London, UK: As a Harvard MBA I started as an L6. To get to L7, you’ve got to double or triple your targets. I personally don’t know any L6s who have been promoted to L7s.
Boston, USA: I know a handful of PMs who are L7, but only 1 woman. It’s disappointing that there aren’t more women who are L7s. I know someone who came in as L6 and is now L8, but it took about 8 years at Amazon to get there.
Boston, USA: It takes 3–4 years to get promoted 1 level, because they need solid proof over a few years that you’re incredible. Getting INTO Amazon is one thing, but you’re assumed to be “below the bar” until proven otherwise, and meeting the “bar” is a big thing inside Amazon. Everyone is thinking, “Okay, you interviewed well, and the business will be around tomorrow regardless, but are you better than the top 50% of other L6 PMs?” We all know the “Director” who interviewed well, but 10 days into the job, everyone realizes should’ve been a Jr. Associate. So there’s high pressure once you get in to perform.
London, UK: My boss does not try to help me. He is extremely smart, but there is no way I can get promoted. To get promoted, I have to do his job. And this is a guy who has been at Amazon for 10 years, developing expertise in this line of business, after he finished his MBA from a top business school. I cannot compete with his level of knowledge or intuitive understanding of this business. My only option is to change teams or leave Amazon.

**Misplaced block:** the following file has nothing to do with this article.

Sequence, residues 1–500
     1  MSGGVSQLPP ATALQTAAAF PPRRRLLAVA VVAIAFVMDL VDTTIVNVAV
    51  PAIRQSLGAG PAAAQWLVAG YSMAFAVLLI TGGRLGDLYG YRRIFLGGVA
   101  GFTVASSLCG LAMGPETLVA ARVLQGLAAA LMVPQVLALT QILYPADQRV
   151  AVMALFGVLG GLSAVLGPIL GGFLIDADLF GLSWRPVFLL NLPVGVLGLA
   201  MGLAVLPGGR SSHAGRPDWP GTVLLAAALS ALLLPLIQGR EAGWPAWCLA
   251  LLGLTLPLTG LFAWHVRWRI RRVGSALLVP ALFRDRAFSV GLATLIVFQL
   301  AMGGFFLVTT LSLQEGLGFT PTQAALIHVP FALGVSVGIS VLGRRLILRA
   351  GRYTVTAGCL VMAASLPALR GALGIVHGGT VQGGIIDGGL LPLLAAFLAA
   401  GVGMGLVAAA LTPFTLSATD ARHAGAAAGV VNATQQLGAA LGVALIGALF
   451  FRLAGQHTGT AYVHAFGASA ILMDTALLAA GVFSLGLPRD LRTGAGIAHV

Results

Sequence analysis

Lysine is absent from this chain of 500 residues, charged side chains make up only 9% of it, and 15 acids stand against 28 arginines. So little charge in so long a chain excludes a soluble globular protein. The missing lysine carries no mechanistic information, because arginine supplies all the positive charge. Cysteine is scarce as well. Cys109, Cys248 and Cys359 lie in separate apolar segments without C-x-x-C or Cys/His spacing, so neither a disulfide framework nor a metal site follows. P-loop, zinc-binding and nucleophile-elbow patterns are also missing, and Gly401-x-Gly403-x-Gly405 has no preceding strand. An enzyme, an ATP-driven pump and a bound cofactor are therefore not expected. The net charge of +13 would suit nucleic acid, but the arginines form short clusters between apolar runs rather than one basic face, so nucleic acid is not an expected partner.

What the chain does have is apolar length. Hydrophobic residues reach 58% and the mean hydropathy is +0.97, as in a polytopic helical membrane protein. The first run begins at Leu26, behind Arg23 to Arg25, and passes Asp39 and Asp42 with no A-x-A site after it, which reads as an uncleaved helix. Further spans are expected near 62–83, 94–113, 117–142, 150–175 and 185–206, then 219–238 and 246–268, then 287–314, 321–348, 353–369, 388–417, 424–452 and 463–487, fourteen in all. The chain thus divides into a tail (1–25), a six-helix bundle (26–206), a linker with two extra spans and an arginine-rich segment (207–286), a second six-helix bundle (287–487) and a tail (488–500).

Comparison to Startups
Boston, USA: Let’s say you want to tweak an API. That might be a 2-line code change, which at a startup, would be deployed in a few days. At Amazon, that will take 6–7 weeks, even if I have 20 major enterprise customers who all want this change and agree on it. Amazon can’t afford mistakes, so everything has to go through 4–5 layers of approval before you can get it done. This could be because I work in enterprise.
Boston, USA: I like my boss at Amazon. Maybe it’s my reference point. He’s not good with people and feelings, and he’s not sure how to help me solve problems, but he cares about me. When I tell him I need help, he’ll tell me to come up with solutions, and then he’ll offer to help implement them. That’s way more than I got from my managers at three other early stage, venture-backed startups I worked at. Startups are so focused on survival that I mostly felt that my managers wondered why I was asking them for their time. So compared to that, it was an upgrade, but it doesn’t compare to the cultures of PM mentorship at other big tech companies like Microsoft.
Day in the Life (Covid Edition)